Boston: townies to the world

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Boston based writer Luke O’Neill has been doing some interesting writing about the cultural identity of Boston and the overexposure of it in the national consciousness. His latest piece about the Red Sox championship is pretty dead on. O’Neill is writing about something I think many people from Boston have noticed, that our image in the eyes of the rest of the country is now essentially based on:

1) rabid sports fandom (and images of drunk white guys participating in such)
2) the music and image of the Dropkick Murphys (i.e. just simple hardworking folk who like to drink with the boys)
3) movies starring Ben Affleck, Matt Damon, or both…

Sometimes these things can all combine into one super Boston marketing juggernaut, like The Departed, which features both Matt Damon and the music of the Dropkick Murphys, or The Town which has both Fenway Park and Ben Affleck.

It sounds strange, but prior to the Red Sox resurgence in the last 15 years, and the townie film era that was kicked off with “Good Will Hunting”, Boston did not have much of a presence in the national eye. And, if there was an image, it was not as home to salt of the earth like Will Hunting but to the type of Harvard swells who he talked about apples with.

Boston was Harvard, MIT, liberalism, socialized medicine and eastern elitism. The only state that Nixon didn’t carry in his reelection in 1972. The home of Ted Kennedy, Noam Chomsky, and Willie Horton. I remember driving cross-country about 15 years ago, and hearing a conservative talk radio host in Texas rant about those pointy headed liberal elitists out in Taxachusetts, even going so far as to somehow trace the entire thing in back to the Salem witch trials.

The odd thing is that the blue collar townie stereotype that is now celebrated is essentially dying out. Neighborhoods like South Boston and Charlestown are now full of more yoga studios than union halls. The era of Boston as a largely divided city of clannish neighborhood allegiances is mostly gone, a victim of changing times and rising real estate prices. Pour some tonic out on the curb for painter’s caps, baracuta jackets, spuckies, peking ravioli, and the thought of Kevin McHale clothslining Kurt Rambis

A few nights ago when I was DJing, a blond-haired blue-eyed guy with a crisp Red Sox hat on came up to me, and in a strong Scandinavian accent, asked to hear “Shipping Up To Boston” by The Dropkick Murphys, “because they just won the World Series.” I was totally taken aback. Firstly, because I was playing reggae and hip hop at the time. Secondly, because this was New York City, where anything Boston related is subjected to ridicule. Then, 5 minutes later, another Scandinavian came up and asked to hear “Dropkicks, or AC/DC.” At this point, I had to ask, and it turns out they had flown in from Norway to see the Dropkick Murphys the night before. This felt odd. Imagine basing a trip halfway around the world to go see such a mediocre band. But more importantly, it blew me away that this guy from Norway wanted to rep Boston. This son of the fjords wanted to be a Son Of Sam Horn. This kid wanted to be me!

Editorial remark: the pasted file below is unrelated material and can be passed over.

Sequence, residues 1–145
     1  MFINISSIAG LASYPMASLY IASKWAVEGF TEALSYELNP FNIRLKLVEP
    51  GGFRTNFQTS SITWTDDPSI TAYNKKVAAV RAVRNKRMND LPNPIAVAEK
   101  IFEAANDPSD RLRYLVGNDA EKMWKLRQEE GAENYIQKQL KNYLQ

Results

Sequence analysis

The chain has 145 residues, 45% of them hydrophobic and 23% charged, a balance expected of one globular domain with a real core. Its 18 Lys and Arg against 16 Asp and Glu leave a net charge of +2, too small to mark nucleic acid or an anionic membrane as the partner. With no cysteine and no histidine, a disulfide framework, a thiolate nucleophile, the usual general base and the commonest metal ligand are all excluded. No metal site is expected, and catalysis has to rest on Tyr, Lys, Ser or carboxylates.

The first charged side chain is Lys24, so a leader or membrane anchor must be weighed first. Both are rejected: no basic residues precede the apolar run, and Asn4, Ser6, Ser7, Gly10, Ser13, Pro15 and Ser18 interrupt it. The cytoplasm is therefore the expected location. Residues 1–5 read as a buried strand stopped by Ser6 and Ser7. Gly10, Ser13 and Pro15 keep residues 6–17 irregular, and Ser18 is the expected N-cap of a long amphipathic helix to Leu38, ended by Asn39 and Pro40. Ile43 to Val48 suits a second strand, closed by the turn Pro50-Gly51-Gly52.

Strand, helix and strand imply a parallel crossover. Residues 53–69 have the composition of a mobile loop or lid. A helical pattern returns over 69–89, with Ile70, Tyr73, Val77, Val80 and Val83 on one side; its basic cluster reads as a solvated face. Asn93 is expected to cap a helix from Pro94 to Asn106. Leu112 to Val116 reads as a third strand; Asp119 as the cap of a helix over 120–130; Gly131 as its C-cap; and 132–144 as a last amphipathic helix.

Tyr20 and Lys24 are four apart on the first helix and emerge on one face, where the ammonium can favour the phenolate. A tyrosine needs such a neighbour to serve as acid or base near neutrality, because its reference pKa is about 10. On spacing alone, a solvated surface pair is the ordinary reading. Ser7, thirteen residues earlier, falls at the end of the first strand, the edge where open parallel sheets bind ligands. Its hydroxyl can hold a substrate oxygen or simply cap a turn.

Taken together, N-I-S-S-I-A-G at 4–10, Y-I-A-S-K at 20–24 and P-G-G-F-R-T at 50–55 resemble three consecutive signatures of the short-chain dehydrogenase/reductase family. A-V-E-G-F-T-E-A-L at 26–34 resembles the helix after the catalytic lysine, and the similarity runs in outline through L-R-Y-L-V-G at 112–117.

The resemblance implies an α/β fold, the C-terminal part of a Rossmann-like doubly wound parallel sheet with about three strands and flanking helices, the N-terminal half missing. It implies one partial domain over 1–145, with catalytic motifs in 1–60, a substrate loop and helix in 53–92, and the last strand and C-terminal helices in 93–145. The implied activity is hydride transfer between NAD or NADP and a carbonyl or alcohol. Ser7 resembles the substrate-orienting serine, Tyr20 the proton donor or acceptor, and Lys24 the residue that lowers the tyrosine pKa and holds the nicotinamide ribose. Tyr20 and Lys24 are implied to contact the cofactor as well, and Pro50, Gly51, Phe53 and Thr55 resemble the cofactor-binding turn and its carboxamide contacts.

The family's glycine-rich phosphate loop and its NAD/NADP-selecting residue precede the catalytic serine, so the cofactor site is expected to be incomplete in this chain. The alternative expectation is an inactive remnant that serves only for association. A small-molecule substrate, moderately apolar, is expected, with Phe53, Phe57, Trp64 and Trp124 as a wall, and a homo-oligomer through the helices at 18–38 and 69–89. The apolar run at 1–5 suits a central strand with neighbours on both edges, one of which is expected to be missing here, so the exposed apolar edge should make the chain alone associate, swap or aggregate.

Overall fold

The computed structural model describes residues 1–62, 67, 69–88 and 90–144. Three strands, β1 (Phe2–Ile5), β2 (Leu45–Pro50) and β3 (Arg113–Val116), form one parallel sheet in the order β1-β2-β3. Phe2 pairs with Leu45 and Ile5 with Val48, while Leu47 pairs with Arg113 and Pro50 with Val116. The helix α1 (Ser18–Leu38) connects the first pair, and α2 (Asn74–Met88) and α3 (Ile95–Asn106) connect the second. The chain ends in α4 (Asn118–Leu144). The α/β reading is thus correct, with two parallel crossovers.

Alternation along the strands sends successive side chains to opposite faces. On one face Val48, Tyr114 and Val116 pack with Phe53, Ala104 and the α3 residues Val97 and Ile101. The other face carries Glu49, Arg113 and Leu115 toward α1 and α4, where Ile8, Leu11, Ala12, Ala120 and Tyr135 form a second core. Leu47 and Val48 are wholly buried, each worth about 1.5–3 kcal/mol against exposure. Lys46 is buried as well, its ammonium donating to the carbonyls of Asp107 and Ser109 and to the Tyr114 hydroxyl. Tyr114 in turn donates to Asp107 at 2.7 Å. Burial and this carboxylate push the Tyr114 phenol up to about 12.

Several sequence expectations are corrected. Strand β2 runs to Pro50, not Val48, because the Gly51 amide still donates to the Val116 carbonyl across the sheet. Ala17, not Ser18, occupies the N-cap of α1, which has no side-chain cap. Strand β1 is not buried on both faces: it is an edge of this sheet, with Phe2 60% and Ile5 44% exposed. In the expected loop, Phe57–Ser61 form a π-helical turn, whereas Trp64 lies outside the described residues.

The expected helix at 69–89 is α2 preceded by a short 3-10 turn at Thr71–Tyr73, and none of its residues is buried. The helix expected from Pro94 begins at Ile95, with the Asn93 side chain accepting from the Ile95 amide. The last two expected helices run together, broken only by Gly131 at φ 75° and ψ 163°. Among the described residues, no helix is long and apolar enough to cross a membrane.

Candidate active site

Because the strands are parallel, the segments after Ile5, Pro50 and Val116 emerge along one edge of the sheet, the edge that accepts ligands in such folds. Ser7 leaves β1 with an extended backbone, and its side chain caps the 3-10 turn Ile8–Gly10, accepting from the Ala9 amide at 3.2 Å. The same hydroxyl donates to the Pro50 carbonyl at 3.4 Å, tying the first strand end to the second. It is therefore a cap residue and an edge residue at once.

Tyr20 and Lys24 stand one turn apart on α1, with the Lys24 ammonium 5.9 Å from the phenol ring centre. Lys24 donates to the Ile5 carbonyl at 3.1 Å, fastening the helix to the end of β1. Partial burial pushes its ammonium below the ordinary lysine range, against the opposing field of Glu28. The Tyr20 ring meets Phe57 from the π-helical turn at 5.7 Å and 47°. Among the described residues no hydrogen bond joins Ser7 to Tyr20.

I grew up outside of Boston and have been a Red Sox fan for almost 30 years. I played in a punk band in high school that was on a compilation CD with the Dropkick Murphys. Some random weekend in 1996 when I went to the CD release party at the Rat in the afternoon and watched the Red Sox lose that night was probably a legendary moment in this guy’s mind.

Perhaps people with a recognized “cool” cultural identity like Jamaicans are used to this kind of cultural appropriation (Japanese kids with dreads and spray tans telling them to play some Sizzla ’cause everything criss), but it was new to me… Is “Boston guy” going to be a worldwide phenomenon now? Just slap a Sox hat on your head and some Adidas on your feet and ship on up to Boston?

We are all dealt the hand of the time and place we grew up in. When I see footage of the 1977 World Series (or when record shopping), I wish I had grown up in NYC in the 1970’s. Or when watching Breathless or Blow Up, it’s hard not to wish you grew up in Paris or London in the 60’s. Looking at the back of the first Suicidal Tendencies record makes me wanna be a vato from LA. Even listening to grime makes me wish I had been a 17 year old in East London in 2004. But, something must be slightly amiss in the world when some kid from Norway wants to be Stevie from Revere or Sean from Quincy.

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About peter

musings about music, culture, food, and more... twittering, tumbling, and instagramming: @PgunnNYC http://axchem.tumblr.com/
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